S.C. SAT scores improve, still trail nation

jself@thestate.com, cclick@thestate.comSeptember 27, 2013 

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  • More information Local scores The Fort Mill school district was the only district in York, Chester and Lancaster counties in which students cracked 1500 on average on the three-part SAT, according to the College Board. At 1563, Fort Mill had the state’s second-highest average score and the second-highest percentage of seniors – 78 percent – taking the college admission exam. A perfect score is 2400. Here’s how local districts stacked up:
    District 2012 2013
    Rock Hill 1410 1382
    Fort Mill 1568 1563
    Clover 1472 1474
    York 1401 1404
    Chester 1329 1404
    Lancaster 1304 1324

South Carolina students scored higher on average on the SAT college admissions test this year than last. But the state still trails the nation’s stagnant average.

Meanwhile, more South Carolina high school students are taking and performing better on advanced placement exams that allow them to earn college credit.

The average SAT score for South Carolina graduating seniors was 1436, up five points from 2012, according to the S.C. Department of Education. The national average stayed the same – at 1498. A perfect score on the SAT is 2400.

In South Carolina, the average score was 484 for reading, 487 for math and 465 for writing, lagging behind the national averages of 496 for reading, 514 for math and 488 for writing.

Five of 82 South Carolina school districts beat the national average.

Lexington-Richland 5 district students beat the national average, scoring 1517 on average, up 11 points from 2012.

District 5 was the best performing district in the Midlands, ranking third in the state.

At 82 percent, it also ranked highest in the percentage of students taking the college admission exam – 941 of 1,153 seniors.

“This expectation ... that all kids can excel and that all kids deserve an opportunity, is one we focus a lot of attention on,” said district spokesman Mark Bounds. “We are so proud that so many of our children are taking a test that indicates they want to be college bound.”

Bounds said the district, which received an “A” on its federal report card this year, relies on data-driven remedies to help faltering students and has a “relentless focus on knowledge acquisition.”

Lexington 1 students were just behind Lexington-Richland 5, scoring 1503 on average, up 13 points from 2012.

Locally, the Fort Mill district was the only one to break 1500 with its average score or to beat the national average. Next closest in the area was Clover, at 24 points behind the U.S. average.

Reversing a trend of decline

The statewide increase reversed a four-year trend of declining SAT scores.

South Carolina schools superintendent Mick Zais had the same response to this year’s results as he did last year, according to the state Department of Education:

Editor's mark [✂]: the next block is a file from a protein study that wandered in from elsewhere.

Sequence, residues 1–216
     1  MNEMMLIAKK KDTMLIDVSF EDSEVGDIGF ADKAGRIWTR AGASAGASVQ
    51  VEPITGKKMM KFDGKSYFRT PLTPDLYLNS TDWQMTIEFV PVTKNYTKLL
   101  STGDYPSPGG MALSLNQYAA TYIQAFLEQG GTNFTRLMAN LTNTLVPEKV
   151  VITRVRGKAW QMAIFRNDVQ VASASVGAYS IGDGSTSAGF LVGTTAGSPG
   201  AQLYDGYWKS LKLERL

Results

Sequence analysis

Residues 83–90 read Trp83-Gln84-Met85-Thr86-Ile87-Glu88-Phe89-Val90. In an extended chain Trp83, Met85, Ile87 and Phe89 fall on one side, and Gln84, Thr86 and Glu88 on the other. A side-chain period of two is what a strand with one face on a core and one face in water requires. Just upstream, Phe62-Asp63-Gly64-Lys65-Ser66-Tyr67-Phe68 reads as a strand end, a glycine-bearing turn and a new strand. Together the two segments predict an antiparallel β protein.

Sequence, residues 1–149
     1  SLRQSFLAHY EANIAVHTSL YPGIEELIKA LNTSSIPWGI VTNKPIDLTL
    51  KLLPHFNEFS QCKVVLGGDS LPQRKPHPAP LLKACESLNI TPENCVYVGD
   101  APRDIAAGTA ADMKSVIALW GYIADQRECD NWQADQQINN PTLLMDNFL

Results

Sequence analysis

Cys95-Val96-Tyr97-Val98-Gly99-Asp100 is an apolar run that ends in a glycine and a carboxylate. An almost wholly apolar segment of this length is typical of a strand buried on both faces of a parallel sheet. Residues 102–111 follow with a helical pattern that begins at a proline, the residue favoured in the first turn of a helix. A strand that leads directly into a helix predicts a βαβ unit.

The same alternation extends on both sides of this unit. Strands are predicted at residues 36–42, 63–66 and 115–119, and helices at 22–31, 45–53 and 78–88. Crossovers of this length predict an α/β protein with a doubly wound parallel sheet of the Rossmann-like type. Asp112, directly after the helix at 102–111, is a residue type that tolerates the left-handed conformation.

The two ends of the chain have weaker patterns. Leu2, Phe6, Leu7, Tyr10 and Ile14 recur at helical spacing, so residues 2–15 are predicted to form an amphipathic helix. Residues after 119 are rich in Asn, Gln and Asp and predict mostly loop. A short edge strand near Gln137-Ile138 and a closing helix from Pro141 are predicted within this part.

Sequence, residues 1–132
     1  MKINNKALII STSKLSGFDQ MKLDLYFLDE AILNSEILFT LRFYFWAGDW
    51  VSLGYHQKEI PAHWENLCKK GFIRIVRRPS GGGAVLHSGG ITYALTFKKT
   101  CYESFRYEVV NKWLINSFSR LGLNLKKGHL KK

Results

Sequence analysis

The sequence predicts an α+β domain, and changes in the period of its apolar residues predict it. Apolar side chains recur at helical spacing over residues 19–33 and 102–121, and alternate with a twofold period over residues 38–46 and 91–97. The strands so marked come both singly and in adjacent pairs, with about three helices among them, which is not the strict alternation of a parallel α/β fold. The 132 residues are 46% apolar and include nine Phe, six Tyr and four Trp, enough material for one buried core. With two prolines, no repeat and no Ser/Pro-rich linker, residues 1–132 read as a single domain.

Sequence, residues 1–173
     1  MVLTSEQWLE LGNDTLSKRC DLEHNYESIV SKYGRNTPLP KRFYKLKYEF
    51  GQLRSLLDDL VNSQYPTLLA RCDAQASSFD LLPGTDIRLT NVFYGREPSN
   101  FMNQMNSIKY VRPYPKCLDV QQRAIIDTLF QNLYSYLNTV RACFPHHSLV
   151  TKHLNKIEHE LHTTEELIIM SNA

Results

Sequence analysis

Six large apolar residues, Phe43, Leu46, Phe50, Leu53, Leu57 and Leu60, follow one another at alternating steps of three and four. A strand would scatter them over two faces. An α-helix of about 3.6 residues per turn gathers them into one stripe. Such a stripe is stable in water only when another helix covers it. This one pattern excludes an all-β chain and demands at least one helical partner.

“Like the other college admission test, ACT, the SAT is not a measure of school effectiveness. However, within the student population taking the SAT is another data point confirming a troubling trend: there is a wide reading gap between South Carolina and the nation,” Zais said in a news release.

“Addressing the reading gap in elementary school must be our top priority because reading is fundamental to everything else in a student’s education,” Zais said.

“If students cannot read, they will not succeed in school.

“To accomplish this goal, we must transform education from a one-size-fits-all system to one that delivers a personalized and customized education to each student.”

More students take AP tests

Meanwhile, the number of South Carolina students taking advanced placement tests and performing well on them is growing at a faster rate than in the nation.

AP courses, and their year-end exams, expose students to the rigor of college-level classes and give them the chance to earn college credit if they score a 3, 4 or 5 on a scale of 1 to 5.

Nearly 2,000 more students in South Carolina public high schools took AP tests in the spring, a 9.3 percent increase from the previous school year.

The number of tests taken in spring 2013 where South Carolina students scored a 3, 4 or 5 also increased by 9.6 percent.

Nationwide, participation in AP exams was up by 5.6 percent and, of tests taken, 6 percent more scored a 3, 4 or 5.

“(T)he success of these individual students is a noteworthy accomplishment,” Zais said, adding that taking AP exams helps defray future college costs.

The state has paid for AP instructional materials, student test fees and teacher training since 1984.

All students who enroll in an AP course must take the test.

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